Advocates Call for Tough Financial Data Regulations


Privacy Advocates Call for Tough Regulation of Financial Data and Stronger Identity Theft Protections

Calegislation ‘ CALPIRG ‘
Consumer Federation of California ‘ Consumers Union ‘
Privacy Rights Clearinghouse ‘ World Privacy Forum

For release March 1, 2005

Contacts: Richard Holober, CFC (650) 307-7033 cell ‘ Jordana Beebe, PRC
(619) 298-3396 ‘ Mari Frank-attorney, privacy consultant (949) 350-
7511 (cell) ‘ Jennette Gayer, CALPIRG (213) 251-3680 x333 ‘ Gail
Hillebrand, CU (415) 431-6747 ‘ Beth Givens, PRC (619) 823-7583

ChoicePoint, Bank of America scandals underscore weakness of current laws

The recent security breaches of sensitive customer information held by
ChoicePoint and Bank of America have underscored how vulnerable
consumers are to threats of identity theft and the need for stronger
protections to reduce such fraud. Watchdog groups are calling for new
laws that provide proper oversight of businesses that collect and sell
sensitive consumer information and tougher safeguards to give consumers
the tools they need to stop identity theft before it starts.

"The ChoicePoint scandal and the Bank of America data loss are
the tip of the iceberg. The easier it gets to transfer billions of bits
of confidential data by pushing a button, the more difficult it is to
safeguard our private records," stated Beth Givens of Privacy Rights

Privacy advocates reject ChoicePoint’s claim that it was duped
by sophisticated con artists. ‘News reports suggest that ChoicePoint
didn’t do its homework in conducting background checks of businesses
that purchase its data. ChoicePoint operates in a shadow world,
unregulated and unknown by the Americans whose personal data it sells,’
stated Richard Holober, Executive Director of Consumer Federation of

If companies like ChoicePoint and Bank of America really cared
about our privacy they would be educating us about how to freeze our
credit reports and refusing to share our sensitive information without
our permission. Instead, Attorneys General from around the country had
to demand that ChoicePoint fess up to consumers that their personal
information was handed over to crooks,’ said Jennette Gayer, CALPIRGs
Consumer Advocate.

"ChoicePoint’s lack of due diligence shows it does not ‘walk
its talk’. This is a company that claims to be the leader in providing
products and services so that their customers can fight fraud and
identity theft – yet instead they have exposed perhaps millions of
innocent and unaware Americans to the danger of identity fraud. It’s
hypocrisy in the quest for profit,’ stated Mari Frank, attorney, author
of Safeguard Your Identity.

Consumer and privacy advocates are calling for legislation that:

‘ Requires information brokers to protect consumers’
personally identifiable information. Mandatory federal standards must
address issues including: security, customer screening, fraud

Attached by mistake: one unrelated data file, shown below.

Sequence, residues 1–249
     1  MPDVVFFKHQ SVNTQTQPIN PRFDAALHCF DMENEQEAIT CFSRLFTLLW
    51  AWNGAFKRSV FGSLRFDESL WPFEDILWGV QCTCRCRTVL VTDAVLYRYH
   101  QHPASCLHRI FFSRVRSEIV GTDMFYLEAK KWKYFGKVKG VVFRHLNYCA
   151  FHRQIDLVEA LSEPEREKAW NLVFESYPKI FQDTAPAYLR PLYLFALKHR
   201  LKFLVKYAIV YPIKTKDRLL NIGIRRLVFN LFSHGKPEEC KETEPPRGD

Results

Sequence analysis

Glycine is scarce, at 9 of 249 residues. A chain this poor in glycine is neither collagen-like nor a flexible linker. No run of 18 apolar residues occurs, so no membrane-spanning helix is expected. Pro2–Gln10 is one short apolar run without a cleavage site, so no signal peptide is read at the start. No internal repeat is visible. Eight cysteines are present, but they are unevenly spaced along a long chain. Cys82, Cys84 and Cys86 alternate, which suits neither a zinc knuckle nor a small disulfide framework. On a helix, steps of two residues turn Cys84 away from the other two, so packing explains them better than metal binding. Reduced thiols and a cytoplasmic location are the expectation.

detection, and an opportunity for consumers to see and correct
information held about them.

‘ Requires all businesses to tell anyone whose sensitive
information has been compromised, through improper release, or
unauthorized access to electronic information and paper files (paper
files are currently not covered by California law). The notice should
include what specific information was released.

‘ Authorizes any individual whose data was compromised to place
a seven year fraud alert on his or her credit report. A fraud alert
requires creditors to contact the consumer before issuing credit in
their names. Currently a seven year alert is available only for
consumers who are already identity theft victims. This is like getting
a flu shot after you have contracted the flu. A longer than 90 day
period for an early fraud alert would help to prevent identity theft.

‘ Gives any individual the right to place a free security freeze on his
or her credit report. A security freeze would allow the consumer to
control the release of confidential data, and would allow the consumer
to lift the freeze on a selective basis, for example, when applying for
a mortgage. Any individual who receives a notice of an unauthorized
release of confidential data should be entitled to a security freeze at
no cost. Individuals should be able to establish a security freeze for
preventive purposes at no cost. For a list of pending state bills
proposing to give consumers the right to a security freeze, see:

‘ Grants consumers who have received a notice of unauthorized
release of data the right to get a police report. Some state laws give
this right, others do not. A police report is needed to place a seven
year fraud alert on a credit report.

"Consumers need stronger safeguards to prevent identity thieves
from ruining their credit," said Gail Hillebrand, of Consumers Union.
"These reforms will give consumers the notice they need to be on guard
for identity theft when their information has been compromised by a
security breach. And by giving consumers the right to put a security
freeze on their credit file, they’ll be able to prevent crooks from
getting credit in their names."

The proposals are supported by these organizations:



Consumer Federation of California

Consumers Union

Privacy Rights Clearinghouse

World Privacy Forum